HR concerns in a post-covid world are warranted. Much has changed, and yet it hasn’t. The Form I-9 still exists and must still be completed by the cited deadlines, but this becomes an unusual challenge for those who are hiring employees remotely. It is still the same form, just a slightly different process that must be abided by in order for an employer to maintain a compliant status.
Many employers are finding that in a job market where it can feel like they are constantly hiring, the workload is too heavy to bear alone. This is why an increasing number of human resource departments are turning to companies that provide I-9 intelligence professionals and software for assistance with streamlining in-person and remote hiring and staying compliant with federal law.
The Top 5 HR Concerns in a Post-Covid World
Since the introduction of the COVID-19 pandemic into our world, it has impacted everyday business processes such as the hiring of remote employees. Suddenly the hiring process used in a pre-pandemic world has become much more of a challenge, and the top 5 HR concerns in a post-covid world include:
- How to complete the Form I-9 remotely
- How to complete Section Two of the I-9 for remote workers
- Who can assist with Section Two on behalf of an employer
- How to keep HR staff trained on proper protocol
- How to stay abreast of federal government changes to protocol
While hiring remotely can certainly prompt more questions than the above, we have found these to be the most problematic topics for employers.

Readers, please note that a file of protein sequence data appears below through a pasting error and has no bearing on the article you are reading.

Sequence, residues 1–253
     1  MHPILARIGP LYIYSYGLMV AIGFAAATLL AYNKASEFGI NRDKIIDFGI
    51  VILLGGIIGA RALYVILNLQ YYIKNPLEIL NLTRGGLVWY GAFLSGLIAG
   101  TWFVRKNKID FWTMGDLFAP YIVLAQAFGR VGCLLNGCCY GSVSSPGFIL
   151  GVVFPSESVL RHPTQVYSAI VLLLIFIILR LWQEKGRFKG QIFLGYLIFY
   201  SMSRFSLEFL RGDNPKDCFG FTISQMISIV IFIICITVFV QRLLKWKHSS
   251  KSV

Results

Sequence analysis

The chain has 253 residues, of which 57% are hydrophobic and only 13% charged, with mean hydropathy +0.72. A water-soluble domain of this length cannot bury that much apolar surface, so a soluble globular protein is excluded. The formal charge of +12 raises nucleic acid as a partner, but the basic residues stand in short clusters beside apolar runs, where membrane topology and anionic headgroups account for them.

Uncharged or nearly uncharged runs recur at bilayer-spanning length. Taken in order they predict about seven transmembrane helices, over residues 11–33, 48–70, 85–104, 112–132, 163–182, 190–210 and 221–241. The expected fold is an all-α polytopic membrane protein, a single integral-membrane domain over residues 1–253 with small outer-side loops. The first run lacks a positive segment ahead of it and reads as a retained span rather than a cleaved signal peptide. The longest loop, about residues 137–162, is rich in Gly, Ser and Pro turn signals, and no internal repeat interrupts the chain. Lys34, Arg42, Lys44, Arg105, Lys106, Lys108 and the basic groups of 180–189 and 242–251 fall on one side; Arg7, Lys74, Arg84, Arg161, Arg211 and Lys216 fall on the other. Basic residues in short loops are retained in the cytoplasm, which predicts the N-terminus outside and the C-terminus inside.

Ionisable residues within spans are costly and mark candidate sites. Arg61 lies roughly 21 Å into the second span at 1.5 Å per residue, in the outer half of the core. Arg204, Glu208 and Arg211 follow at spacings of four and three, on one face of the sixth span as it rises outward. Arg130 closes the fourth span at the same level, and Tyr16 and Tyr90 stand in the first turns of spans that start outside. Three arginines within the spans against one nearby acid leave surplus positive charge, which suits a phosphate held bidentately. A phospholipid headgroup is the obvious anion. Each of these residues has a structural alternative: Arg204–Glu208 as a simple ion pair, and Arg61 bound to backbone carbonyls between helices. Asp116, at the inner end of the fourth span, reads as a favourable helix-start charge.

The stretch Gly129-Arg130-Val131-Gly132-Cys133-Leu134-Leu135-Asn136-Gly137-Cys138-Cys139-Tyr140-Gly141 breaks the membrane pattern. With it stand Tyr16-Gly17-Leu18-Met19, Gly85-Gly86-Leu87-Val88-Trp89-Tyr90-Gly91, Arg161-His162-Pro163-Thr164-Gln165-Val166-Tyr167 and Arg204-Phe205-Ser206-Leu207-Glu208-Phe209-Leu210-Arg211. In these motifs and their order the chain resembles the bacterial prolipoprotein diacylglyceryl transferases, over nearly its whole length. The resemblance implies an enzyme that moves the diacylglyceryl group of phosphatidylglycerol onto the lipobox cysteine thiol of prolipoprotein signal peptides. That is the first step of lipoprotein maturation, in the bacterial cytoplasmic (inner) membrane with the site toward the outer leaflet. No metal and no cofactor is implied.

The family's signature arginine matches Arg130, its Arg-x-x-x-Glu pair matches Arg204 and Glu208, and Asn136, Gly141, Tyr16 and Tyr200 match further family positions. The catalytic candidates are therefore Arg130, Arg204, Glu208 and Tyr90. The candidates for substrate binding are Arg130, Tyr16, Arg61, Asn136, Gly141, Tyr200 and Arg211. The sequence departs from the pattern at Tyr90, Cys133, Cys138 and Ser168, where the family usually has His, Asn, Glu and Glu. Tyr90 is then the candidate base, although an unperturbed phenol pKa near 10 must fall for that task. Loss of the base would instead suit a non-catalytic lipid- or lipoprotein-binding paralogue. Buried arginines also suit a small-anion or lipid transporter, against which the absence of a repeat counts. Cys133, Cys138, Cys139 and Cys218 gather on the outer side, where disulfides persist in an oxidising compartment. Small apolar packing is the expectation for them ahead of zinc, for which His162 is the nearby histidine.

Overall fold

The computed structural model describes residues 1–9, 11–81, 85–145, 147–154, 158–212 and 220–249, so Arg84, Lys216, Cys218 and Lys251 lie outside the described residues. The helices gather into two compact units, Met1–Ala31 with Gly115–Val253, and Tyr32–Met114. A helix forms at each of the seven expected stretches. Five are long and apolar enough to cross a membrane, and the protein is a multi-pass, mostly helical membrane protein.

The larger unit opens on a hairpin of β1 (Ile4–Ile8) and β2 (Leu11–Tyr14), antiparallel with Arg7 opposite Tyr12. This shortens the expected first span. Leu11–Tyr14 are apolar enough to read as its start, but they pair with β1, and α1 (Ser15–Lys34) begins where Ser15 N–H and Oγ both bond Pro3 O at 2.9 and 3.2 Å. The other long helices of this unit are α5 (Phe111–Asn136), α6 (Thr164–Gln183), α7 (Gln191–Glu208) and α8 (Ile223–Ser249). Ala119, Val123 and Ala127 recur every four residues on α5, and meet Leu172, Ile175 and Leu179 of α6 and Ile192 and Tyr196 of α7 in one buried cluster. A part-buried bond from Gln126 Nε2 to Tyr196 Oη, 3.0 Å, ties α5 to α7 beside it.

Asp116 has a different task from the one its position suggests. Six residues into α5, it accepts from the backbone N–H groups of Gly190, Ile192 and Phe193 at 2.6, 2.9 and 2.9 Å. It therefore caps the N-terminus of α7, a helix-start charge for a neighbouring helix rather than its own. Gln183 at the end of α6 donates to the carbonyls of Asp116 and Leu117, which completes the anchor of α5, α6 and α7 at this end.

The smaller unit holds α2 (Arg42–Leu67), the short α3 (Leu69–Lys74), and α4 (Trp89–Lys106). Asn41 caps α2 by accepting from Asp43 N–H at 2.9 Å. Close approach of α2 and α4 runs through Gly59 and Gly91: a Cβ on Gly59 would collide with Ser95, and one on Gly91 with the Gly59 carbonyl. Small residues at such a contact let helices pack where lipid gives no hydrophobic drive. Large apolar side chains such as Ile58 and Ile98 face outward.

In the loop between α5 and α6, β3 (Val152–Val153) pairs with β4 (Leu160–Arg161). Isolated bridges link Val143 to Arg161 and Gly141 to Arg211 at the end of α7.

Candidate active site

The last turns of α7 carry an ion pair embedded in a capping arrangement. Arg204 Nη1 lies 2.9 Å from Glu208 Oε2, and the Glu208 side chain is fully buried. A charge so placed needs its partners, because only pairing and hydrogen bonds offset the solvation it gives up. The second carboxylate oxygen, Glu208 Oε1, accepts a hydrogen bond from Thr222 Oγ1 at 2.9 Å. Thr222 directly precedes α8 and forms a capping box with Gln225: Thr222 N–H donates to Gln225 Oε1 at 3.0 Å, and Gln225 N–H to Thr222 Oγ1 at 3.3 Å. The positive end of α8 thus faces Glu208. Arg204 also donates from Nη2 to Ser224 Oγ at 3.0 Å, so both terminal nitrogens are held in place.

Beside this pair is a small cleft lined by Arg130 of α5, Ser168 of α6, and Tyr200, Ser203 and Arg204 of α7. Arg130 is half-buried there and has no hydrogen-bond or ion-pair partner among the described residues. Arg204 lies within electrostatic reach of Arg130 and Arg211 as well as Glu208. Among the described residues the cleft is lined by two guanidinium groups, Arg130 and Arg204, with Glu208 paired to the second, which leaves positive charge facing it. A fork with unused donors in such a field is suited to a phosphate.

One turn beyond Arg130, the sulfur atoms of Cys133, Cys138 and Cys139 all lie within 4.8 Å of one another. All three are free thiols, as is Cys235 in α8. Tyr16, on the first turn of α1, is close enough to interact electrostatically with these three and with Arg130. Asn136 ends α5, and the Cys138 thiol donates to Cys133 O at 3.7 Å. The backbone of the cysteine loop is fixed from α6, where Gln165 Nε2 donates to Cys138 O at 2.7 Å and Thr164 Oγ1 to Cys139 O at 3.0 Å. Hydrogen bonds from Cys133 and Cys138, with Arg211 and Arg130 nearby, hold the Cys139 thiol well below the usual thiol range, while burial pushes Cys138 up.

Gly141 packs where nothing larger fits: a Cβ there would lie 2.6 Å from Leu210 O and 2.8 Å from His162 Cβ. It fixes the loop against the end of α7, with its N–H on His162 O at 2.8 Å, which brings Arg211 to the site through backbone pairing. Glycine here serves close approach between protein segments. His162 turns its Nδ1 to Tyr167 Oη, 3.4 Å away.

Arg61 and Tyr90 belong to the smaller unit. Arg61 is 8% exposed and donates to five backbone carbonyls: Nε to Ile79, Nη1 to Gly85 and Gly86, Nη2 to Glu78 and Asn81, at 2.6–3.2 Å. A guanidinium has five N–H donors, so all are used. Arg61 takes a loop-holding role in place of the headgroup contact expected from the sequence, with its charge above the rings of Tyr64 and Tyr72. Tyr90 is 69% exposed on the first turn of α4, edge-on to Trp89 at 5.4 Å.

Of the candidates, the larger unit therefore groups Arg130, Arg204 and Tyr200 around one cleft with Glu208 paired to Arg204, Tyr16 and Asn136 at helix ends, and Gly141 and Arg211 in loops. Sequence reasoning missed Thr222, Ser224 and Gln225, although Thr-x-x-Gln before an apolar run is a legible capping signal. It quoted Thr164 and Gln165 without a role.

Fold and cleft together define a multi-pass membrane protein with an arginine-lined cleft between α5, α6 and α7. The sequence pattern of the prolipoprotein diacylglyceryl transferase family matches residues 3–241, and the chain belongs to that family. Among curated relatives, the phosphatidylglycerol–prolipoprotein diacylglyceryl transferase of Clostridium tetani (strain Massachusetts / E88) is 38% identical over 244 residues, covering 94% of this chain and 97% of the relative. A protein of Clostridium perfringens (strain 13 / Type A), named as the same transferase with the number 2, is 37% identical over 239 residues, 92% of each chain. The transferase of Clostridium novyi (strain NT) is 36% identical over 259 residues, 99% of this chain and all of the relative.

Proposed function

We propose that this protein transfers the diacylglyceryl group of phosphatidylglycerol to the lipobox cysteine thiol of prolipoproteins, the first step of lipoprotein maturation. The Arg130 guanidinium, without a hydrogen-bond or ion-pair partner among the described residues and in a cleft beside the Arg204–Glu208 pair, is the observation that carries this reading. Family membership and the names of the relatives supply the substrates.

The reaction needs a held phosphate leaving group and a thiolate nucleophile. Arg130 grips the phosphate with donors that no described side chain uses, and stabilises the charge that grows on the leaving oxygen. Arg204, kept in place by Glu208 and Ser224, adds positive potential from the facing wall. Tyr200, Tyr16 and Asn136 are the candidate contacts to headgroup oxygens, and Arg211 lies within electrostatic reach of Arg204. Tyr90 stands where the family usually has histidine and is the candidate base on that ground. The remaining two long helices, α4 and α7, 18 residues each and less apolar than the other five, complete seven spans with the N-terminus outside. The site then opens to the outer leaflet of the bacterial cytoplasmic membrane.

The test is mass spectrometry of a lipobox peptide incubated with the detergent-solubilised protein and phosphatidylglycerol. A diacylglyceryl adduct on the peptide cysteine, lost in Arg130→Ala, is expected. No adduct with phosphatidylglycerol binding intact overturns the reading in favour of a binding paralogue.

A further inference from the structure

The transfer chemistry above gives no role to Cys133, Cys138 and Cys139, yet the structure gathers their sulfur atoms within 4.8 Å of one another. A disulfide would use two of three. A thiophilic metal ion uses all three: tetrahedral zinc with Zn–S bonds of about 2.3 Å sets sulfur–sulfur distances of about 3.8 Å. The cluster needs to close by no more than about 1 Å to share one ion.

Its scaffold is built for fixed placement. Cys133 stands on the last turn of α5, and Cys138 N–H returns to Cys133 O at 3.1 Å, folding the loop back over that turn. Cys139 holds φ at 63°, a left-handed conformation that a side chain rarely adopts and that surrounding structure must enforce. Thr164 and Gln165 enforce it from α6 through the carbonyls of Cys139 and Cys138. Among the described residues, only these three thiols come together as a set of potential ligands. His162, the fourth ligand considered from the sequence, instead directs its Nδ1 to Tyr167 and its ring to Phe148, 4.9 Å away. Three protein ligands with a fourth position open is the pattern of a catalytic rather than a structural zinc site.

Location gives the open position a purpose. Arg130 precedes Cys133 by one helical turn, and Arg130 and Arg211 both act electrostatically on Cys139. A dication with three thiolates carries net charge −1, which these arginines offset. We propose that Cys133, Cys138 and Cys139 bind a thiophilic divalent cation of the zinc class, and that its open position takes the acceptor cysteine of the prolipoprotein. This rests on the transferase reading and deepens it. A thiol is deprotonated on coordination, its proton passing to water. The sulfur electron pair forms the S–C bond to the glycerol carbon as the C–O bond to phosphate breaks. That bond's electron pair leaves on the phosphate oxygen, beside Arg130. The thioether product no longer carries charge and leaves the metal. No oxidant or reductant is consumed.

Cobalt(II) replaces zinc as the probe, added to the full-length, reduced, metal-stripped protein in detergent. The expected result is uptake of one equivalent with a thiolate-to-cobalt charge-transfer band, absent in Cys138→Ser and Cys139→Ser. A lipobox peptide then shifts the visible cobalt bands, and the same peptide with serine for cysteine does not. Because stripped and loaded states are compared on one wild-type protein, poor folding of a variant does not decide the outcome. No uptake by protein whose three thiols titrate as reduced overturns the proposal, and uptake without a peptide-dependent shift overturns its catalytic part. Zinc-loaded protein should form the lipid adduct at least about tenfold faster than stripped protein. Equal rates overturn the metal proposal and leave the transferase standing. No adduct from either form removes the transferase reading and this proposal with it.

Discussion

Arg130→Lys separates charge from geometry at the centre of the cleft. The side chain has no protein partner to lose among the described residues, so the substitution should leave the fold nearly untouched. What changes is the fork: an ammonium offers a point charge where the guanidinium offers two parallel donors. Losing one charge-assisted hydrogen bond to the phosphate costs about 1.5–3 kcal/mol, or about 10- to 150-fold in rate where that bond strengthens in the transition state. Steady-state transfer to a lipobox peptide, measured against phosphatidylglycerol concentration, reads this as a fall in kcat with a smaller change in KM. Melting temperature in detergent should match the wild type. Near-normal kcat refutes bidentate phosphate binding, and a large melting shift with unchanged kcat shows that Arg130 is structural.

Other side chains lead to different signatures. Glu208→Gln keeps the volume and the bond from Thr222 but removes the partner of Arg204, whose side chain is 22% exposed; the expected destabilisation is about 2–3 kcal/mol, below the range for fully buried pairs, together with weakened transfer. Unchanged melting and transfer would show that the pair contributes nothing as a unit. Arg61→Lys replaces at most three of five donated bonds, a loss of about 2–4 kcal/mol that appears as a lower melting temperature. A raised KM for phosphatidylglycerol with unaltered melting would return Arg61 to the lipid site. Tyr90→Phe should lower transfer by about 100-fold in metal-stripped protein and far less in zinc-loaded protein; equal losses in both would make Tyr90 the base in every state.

Here is a closer look at each issue in further detail:
Completing the Form I-9 Remotely
Perhaps one of the most basic hiring concerns in a post-covid world is how to complete the Form I-9 remotely. Since the passage of the Immigration Reform and Control Act of 1986, protocol has dictated that employees and employers work together to complete the form in person. However, in response to the arrival of COVID-19 and the hiring of remote workers, the federal government set up rules specifically for remote hires.
The purpose of the Form I-9 is to help confirm the identity and work authorization of an employee. This central mandate must still be met for remote hires, so the three main sections of the form should still be completed:
- In the first section of the I-9, much of the responsibility falls to the employee to provide personal information to the employer before their first paid day on the job.
- Section Two of the form requires the employee to provide documents that confirm their identification and work authorization. This requires an employer to review these documents for authenticity.
- The third section of the form deals primarily with worker authorization renewal. If an employee has a temporary work authorization that expires and must be reauthorized, this section can come into play. It is also used if an employee is rehired, changes their name.
Of these three parts, Section Two of the Form I-9 has proved to be the most challenging for remote hires since authentication of documents is done in person.
Completing Section Two of the I-9 for Remote Workers
When it comes to Section Two of the I-9, remote workers are still required to present documents that help confirm their identity and authorization to work in the United States. Not much changes in terms of which documents an employee can submit.